Over the next few weeks we will be highlighting award-winning projects and ideas from this year's Core77 Design Awards 2012! For full details on the project, jury commenting and more information about the awards program, go to Core77DesignAwards.com
- Designer: Whipsaw, Inc.
- Location: Mountain View, CA
- Category: Consumer Products
- Award: Professional Notable
zSpace is a remarkable new 3D visualization tool that enables designers, engineers and film makers to build, manipulate and view objects in 3D. Unlike 3d TV, zSpace objects are created and displayed in 3D with CAD in real-time high-definition. Your creations float magically in front of you as you imagine, develop, change, spin around and fly through them. Using a proprietary stereoscopic LCD display, trackable eyewear and an interaction stylus, virtual objects appear "solid" in open space, with full color and high resolution.
How did you learn that you had been recognized by the jury?
What's the latest news or development with your project?
Since zSpace launched at Autodesk University in November, it has quickly gained notoriety. It's been featured on NPR's "All Things Considered"; NASA's "TechBriefs" newsletter, and Fast Company's CoDesign website; and it received a "Best of Show" award at the Computer Graphics World conference in March 2012.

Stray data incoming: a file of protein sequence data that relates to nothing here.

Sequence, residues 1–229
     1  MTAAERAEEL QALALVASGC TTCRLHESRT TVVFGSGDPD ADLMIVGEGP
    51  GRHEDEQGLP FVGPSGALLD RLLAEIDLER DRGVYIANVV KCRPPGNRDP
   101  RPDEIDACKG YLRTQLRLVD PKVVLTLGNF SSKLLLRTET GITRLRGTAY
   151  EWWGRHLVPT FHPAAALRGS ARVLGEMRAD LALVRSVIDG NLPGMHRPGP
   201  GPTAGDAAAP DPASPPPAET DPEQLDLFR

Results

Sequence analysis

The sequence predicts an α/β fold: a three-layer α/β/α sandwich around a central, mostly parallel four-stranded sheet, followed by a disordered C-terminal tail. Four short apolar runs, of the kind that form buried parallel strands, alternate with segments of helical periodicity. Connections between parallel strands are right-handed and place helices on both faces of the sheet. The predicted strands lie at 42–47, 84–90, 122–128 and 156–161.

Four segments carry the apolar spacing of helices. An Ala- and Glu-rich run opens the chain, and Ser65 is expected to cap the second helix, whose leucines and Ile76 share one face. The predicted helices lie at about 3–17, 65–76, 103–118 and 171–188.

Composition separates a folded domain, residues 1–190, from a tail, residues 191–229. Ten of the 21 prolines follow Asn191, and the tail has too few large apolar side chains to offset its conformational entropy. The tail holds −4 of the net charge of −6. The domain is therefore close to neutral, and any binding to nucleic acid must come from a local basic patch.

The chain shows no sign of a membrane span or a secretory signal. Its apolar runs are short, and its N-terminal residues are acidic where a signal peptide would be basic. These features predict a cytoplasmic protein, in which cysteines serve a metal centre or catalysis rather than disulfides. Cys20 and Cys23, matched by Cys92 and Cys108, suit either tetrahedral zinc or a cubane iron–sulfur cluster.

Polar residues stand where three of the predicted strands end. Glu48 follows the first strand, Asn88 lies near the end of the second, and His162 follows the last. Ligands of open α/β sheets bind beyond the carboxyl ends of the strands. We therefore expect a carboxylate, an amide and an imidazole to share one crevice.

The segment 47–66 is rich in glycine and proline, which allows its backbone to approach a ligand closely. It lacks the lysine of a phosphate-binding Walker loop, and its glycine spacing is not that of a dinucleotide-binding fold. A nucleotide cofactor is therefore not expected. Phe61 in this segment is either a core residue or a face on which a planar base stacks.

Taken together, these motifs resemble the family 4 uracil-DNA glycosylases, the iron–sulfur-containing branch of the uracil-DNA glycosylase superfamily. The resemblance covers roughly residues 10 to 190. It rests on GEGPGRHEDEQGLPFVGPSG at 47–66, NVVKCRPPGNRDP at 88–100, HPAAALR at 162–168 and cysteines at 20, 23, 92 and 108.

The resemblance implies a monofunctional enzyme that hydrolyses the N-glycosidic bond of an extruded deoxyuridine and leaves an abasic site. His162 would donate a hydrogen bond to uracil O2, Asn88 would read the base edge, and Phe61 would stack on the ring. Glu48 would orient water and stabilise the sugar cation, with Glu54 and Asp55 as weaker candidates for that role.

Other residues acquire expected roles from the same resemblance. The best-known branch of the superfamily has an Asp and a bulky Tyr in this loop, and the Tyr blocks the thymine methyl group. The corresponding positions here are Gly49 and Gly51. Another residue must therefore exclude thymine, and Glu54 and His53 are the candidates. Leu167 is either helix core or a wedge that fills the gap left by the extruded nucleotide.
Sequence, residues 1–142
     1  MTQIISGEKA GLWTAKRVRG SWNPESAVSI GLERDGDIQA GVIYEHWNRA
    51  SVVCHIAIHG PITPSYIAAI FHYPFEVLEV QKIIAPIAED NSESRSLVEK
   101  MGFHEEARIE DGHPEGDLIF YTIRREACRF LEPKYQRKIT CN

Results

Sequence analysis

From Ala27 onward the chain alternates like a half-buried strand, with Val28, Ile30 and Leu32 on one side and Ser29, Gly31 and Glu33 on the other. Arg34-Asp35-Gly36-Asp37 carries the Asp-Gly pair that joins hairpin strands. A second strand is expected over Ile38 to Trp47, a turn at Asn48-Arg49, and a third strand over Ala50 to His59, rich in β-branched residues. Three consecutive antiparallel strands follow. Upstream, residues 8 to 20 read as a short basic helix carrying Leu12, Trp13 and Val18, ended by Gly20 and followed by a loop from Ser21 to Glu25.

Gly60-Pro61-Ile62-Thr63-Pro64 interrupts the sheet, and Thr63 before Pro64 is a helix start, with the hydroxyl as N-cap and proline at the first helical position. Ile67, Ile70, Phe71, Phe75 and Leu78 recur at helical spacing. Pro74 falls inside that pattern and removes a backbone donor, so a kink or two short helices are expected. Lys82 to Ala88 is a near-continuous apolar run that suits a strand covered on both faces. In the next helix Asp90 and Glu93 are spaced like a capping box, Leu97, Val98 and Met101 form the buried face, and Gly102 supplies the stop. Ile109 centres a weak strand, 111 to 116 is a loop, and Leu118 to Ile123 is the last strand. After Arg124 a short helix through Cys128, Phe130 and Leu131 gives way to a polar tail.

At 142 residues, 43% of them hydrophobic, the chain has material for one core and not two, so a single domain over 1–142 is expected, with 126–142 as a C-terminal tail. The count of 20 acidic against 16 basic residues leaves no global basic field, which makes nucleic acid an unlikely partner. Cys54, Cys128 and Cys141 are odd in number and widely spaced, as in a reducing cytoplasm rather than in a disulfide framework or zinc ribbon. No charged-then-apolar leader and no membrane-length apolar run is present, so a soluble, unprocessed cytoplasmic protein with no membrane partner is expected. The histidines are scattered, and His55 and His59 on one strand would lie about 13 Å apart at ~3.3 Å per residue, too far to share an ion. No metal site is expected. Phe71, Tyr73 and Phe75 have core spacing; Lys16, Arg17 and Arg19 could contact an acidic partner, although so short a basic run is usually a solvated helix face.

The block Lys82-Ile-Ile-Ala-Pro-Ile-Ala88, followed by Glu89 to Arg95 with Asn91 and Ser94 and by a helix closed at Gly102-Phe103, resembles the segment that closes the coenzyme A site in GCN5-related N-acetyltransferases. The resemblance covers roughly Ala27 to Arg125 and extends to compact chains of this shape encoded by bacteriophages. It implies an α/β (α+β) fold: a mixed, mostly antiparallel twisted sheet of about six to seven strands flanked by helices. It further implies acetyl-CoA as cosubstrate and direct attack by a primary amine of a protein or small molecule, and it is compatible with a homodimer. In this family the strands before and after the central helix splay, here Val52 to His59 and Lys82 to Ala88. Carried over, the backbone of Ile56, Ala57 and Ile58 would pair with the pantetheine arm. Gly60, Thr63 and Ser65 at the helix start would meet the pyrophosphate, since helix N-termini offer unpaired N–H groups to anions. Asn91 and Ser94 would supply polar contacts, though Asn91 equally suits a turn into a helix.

What is one quick anecdote about your project?
When we first saw this technology we were blown away. High-definition holographic objects floated in front of us and we could manipulate them completely. It was a designer's dream. CAD came alive and felt so immersive, no longer limited by a 2D interface on a flat screen. It's a rarity that a team of designers has an opportunity to design a product that refreshes the human-machine interface of a tool they use on a daily basis.
What was an "a-ha" moment from this project?
Initially, the virtual "zSpace" working area was only intended to occur "above" or "outside" of the display. While testing a number of ergonomic parameters, we tilted the prototype display to achieve more comfortable viewing angles. When the virtual CAD ground-plane was adjusted to fit these display angles, we discovered that an infinite amount of virtual working space had opened up "behind" the display glass. zSpace had become a virtual environment to design in, rather than just a virtual representation of a CAD object.